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> updated 21/11/15

> updated 22/10/09
BSA seal found on items

The seal of the Boy Scouts of America (as shown above; older items have the First Class emblem in the center instead of the Tenderfoot "Universal emblem" as shown here) certifies that the item is an OFFICIAL UNIFORM ITEM. Look for it when you purchase items for wear or usage. It's on everything, to include the packagaing used to market items.


All Programs Uniform Policy Policy

Uniform and Insignia Policy

The official policy relating to the usage, wear and insignia placement on the BSA's uniforms and flags are found within a BSA publication currently called the "BSA Guide to Uniforming and Insignia (GUI)" Previous versions were called the "BSA Insignia Guide" and before that, the "Insignia (Control) Guide". It is a 8x11 booklet which is published bi-annaully by the BSA and contains most (but not ALL) of the national policies and controls placed upon its uniforms and flags, the badges, cords, and other items which goes on them, who wears, orders and uses them.

An electronic version of this publication is linked to this website for those who want to utilize the electronic version. The electronic version is updated yearly, typically around late October/early November each year.

(The reason why the word "Control" was used is because the guide originally started out as a "control" or directive document. It has been back and forth between a control document and a guidance document. It currently provides both: guidance to the volunteer Scouter and directives to local Councils and their Scout Executives as to what the BSA says is "proper uniforming").

Excerpts from the Guide are found within the basic manuals for each program; within leaders and Commissioner manuals for each program; and within the BSA's Scout Executive's Manual and it's Administration Guide which is a manual and guide for professionals. The Administration Guide contains additional information concerning background and utilization of various uniform/insignia/flag items which are not found in the Insignia (Control) Guide nor the basic manuals. Your Scout Executive has a copy of the latest version of the Adminstration Guide; all professionals at the Council level have copies of the Scout Executive Manual.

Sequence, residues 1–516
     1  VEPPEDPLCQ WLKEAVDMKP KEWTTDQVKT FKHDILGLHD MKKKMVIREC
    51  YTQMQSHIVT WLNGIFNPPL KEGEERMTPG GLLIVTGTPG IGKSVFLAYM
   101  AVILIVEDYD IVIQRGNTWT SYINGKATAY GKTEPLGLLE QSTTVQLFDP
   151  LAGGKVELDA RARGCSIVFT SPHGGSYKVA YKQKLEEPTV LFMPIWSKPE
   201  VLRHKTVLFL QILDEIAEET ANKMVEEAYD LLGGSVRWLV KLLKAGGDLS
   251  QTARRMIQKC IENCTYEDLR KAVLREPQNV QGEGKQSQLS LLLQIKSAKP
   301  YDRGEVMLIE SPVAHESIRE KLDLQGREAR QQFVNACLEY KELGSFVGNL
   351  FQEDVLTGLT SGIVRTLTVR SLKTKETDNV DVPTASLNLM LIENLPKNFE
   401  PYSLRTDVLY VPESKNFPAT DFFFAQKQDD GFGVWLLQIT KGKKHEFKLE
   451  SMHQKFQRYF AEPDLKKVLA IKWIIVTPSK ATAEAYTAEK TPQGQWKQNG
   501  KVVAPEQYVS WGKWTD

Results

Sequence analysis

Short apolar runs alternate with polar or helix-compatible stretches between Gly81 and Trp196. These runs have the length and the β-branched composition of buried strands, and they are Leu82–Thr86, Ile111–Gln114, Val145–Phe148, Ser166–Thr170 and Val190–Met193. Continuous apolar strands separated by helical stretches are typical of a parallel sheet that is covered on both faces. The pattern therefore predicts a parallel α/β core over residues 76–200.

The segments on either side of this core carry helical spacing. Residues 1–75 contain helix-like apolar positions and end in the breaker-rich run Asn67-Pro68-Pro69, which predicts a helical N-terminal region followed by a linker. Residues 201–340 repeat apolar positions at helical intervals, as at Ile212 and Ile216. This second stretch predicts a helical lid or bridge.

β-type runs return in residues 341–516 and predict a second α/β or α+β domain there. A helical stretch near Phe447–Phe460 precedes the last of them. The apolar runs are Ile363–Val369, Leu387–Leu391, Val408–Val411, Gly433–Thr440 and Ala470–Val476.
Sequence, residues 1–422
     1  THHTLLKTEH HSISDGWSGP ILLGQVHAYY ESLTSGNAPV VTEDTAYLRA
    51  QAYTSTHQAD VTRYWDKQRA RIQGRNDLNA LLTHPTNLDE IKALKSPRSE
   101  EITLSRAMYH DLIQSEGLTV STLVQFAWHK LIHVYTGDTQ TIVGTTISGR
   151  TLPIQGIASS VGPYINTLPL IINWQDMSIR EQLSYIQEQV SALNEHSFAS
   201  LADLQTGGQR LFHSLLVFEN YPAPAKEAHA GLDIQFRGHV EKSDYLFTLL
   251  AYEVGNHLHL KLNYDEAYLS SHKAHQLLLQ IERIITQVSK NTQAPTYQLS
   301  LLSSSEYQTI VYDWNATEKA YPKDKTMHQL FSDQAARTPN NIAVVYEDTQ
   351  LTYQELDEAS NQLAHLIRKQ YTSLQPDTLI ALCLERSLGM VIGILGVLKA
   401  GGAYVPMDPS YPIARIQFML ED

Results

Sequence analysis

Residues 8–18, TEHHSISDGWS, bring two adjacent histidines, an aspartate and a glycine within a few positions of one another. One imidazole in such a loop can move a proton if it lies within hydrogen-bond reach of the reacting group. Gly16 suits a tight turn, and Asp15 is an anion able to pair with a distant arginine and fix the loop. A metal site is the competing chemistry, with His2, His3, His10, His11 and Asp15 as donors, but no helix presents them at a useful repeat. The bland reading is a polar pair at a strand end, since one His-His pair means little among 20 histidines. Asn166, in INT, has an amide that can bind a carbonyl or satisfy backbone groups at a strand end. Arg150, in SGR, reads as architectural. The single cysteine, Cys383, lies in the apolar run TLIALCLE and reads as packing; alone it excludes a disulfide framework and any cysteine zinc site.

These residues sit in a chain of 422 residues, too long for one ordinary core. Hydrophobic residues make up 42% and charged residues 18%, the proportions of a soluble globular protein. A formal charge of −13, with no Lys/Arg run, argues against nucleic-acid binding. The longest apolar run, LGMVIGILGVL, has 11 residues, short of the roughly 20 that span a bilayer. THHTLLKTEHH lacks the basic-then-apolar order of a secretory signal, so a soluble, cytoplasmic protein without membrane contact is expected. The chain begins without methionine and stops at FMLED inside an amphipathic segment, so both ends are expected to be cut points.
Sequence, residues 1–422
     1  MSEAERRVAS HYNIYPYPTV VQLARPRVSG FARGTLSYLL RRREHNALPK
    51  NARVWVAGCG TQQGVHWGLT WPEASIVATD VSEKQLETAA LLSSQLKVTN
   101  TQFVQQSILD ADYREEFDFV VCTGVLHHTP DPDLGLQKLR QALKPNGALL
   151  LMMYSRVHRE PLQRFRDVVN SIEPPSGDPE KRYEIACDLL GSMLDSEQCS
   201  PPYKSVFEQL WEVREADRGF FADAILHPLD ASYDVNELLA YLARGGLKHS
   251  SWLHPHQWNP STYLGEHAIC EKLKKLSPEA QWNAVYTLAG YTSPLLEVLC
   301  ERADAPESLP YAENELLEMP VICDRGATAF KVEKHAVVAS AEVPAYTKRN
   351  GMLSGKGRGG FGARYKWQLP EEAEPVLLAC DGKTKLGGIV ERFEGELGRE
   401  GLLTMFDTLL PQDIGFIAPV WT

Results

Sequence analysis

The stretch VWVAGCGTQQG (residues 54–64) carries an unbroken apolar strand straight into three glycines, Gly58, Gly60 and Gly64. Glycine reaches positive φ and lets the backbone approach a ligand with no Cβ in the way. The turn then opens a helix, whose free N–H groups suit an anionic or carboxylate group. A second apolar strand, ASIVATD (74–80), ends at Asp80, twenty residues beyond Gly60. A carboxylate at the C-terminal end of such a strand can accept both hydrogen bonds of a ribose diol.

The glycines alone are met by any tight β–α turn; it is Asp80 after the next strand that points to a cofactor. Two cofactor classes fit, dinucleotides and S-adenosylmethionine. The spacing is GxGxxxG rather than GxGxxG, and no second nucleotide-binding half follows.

The official policies have not change much over time and most of the items are common ("Scouter") sense type items. Obtain a copy of the Guide and use it when you have questions or concerns about the most "typical" BSA insignia used.

A question comes up from time to time asking why ALL of the various policies and guidelines concerning ALL of the BSA's insignia is NOT covered within the pages of the Guide. The BSA works on the "most common uniforming, insignia and flag items". Placing information about every piece of insignia would create a document of a massive size, of usage to mainly collectors and the occasional interested party. Additionally, the Guide does not "cover" local Council adaptations or usage of national insignia.

The BSA has some control over what can be worn where on their official uniforms. As a member of the world Scouting community, the BSA has to also adhear to international policies as decided upon by the World Organization of Scouting Movements with regard to what can be worn on specific locations on member nation's uniforms. For instance, Jamboree and international encampment insignia -- no matter what nation you go to -- are always worn on the upper right side of a uniform shirt; the World Crest emblem, again no matter what member nation one goes to, is always worn on the left side of the uniform shirt either as a central emblem (of nations with no advancement program) or above the left pocket (as it is with the BSA and other nations with advancement programs).

This site addresses various policies and uniforming in a more in-depth manner, answering the questions "why" or "why not" with regard to BSA uniforming, flags, and most commonly insignia pieces. Much of what was placed here over the years have found its way inside the BSA's Insignia (Control) Guide or as directives to the field from the BSA's Supply Group (the forerunner to the previous Supply Division -- a "group" is several Divisions; in 2006, the BSA created the Supply Group to include elements other than supply).

The most common questions center around what can be worn on the right side of the uniform shirt -- it seemed that everyone wants to wear everything possible on that side of the shirt -- and the BSA has some strong policies which have been in place in many cases since the BSA developed uniforms for its movement in the United States.

Individual pages explain each element found here:

Wearing the World Crest emblem
Policies on wearing Jamboree insignia
Wearing Scouting uniforms as Costumes
Can't Find that RIGHT sized uniform?
Why is the US Flag emblem "backwards"
The "Patch Police"
Why Can't I make our own "Troop Flag?"
Wearing "rainbow colored" insignia

If you have a policy question which is not addressed here, please first ask your Council's Scout Executive. He or she should be able to get you an answer. If not, by all means please post me and ask - I'll "use my resources" to find the answer for you and if it of a general nature, will post it here giving you credit for the question. Settummanque!

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Credits: Scans courtesy of Mike Walton

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Leaders' Online ™ Copyright 2009 Rose Walton. All rights reserved
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